Kids should think twice before picking on early maturing girls or late maturing boys in their class. A new study links violent conduct in schools to some students’ timing in puberty.
According to University of Florida researchers, children who go through puberty at different times then most of their peers, can react more violently to stressful events. Previous studies have already shown that those early or late maturing kids often have more emotional issues than their peers, but they can also react more aggressively to peer pressure and stress in general.
Julia Graber/UF Psychology Researcher: “The early maturing girls who also had high rates of peer stress were the ones who were more aggressive; both in terms of indirect methods like spreading rumors about other children, or things like that, and also threats and physical aggression, as well as late maturing boys. So those off-time boys who were sort of slow to get started on puberty when they experience peer stress they really, really didn’t deal with it well.”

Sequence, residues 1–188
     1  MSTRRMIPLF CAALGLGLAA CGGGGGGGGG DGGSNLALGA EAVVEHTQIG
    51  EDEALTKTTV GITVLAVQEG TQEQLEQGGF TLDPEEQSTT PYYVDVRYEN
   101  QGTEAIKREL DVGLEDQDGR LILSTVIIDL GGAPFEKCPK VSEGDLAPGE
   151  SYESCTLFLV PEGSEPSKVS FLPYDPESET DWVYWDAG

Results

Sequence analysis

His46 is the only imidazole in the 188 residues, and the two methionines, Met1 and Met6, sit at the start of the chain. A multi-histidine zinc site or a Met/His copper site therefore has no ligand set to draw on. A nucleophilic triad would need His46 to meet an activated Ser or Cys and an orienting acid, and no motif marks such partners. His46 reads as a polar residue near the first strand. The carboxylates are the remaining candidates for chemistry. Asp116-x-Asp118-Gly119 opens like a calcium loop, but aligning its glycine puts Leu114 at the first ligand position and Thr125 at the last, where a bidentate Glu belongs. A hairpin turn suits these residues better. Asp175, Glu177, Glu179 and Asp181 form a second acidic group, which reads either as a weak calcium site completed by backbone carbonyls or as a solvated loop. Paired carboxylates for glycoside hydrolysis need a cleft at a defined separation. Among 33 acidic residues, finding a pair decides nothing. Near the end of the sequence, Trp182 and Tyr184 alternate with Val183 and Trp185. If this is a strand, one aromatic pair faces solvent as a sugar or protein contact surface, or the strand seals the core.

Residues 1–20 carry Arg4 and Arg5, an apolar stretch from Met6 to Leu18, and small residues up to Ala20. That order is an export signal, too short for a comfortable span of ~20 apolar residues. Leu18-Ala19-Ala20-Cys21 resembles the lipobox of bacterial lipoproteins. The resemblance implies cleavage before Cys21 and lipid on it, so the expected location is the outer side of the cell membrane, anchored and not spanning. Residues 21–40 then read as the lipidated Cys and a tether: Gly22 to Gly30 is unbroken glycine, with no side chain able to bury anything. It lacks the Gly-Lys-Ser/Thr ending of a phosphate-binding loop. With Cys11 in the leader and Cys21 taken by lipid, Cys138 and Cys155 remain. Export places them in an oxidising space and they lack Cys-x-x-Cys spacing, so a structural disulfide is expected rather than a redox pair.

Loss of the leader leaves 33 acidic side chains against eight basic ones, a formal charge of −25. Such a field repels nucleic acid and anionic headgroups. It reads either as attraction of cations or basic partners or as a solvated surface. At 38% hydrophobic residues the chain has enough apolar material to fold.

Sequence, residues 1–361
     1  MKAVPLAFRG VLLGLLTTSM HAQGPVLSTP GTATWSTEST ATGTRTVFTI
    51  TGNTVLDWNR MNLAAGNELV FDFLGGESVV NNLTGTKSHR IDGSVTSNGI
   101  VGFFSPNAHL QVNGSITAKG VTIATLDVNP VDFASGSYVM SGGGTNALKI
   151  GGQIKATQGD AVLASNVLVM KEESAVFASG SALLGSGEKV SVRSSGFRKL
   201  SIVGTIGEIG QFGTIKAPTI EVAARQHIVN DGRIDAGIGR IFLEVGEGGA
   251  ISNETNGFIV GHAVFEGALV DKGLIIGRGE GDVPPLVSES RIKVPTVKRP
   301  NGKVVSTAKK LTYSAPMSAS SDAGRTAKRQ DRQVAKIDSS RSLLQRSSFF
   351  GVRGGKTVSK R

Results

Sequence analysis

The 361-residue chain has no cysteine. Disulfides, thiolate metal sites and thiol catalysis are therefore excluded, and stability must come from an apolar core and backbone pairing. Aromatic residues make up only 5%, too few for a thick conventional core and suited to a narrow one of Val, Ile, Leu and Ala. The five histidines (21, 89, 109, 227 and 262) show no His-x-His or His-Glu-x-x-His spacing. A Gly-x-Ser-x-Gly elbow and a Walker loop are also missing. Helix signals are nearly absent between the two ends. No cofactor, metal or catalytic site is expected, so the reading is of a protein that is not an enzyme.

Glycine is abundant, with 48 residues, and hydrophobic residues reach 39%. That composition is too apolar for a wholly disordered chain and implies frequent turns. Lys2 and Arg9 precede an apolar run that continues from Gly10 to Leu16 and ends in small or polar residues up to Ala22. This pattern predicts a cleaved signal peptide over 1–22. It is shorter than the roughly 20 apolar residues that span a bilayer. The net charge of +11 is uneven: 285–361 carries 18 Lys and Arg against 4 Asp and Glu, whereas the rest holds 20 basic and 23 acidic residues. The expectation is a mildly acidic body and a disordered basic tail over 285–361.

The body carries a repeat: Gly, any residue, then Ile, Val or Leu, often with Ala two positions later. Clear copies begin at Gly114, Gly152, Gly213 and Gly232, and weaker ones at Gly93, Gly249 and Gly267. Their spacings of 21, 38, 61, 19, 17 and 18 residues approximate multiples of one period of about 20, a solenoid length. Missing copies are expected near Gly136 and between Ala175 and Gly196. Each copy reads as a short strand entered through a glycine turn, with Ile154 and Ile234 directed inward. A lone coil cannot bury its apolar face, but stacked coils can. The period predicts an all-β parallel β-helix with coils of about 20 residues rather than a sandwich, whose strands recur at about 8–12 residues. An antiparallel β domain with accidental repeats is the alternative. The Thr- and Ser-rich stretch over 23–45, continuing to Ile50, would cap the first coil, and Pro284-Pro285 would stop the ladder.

Experts say parents with kids who get picked on, should help their sons and daughters learn better ways of dealing with these experiences, rather then getting worked up or aggressive and acting out just like their own kids.
Julia Graber/UF Psychology Researcher: “Simple emotion kind of regulation activities, learning how to take a deep breath and calm down and think about the situation a little bit more clearly are often really helpful. If there seems to be a persistent problem certainly working with local schools is very important to find out what teachers and principals are doing within your school to deal with problems where kids may be harassed.”
UF psychologists say often time kids are not having more stress, it’s the way they respond that is more aggressive. Early maturing girls often have poor coping skills, while late maturing boys build extra defense mechanisms.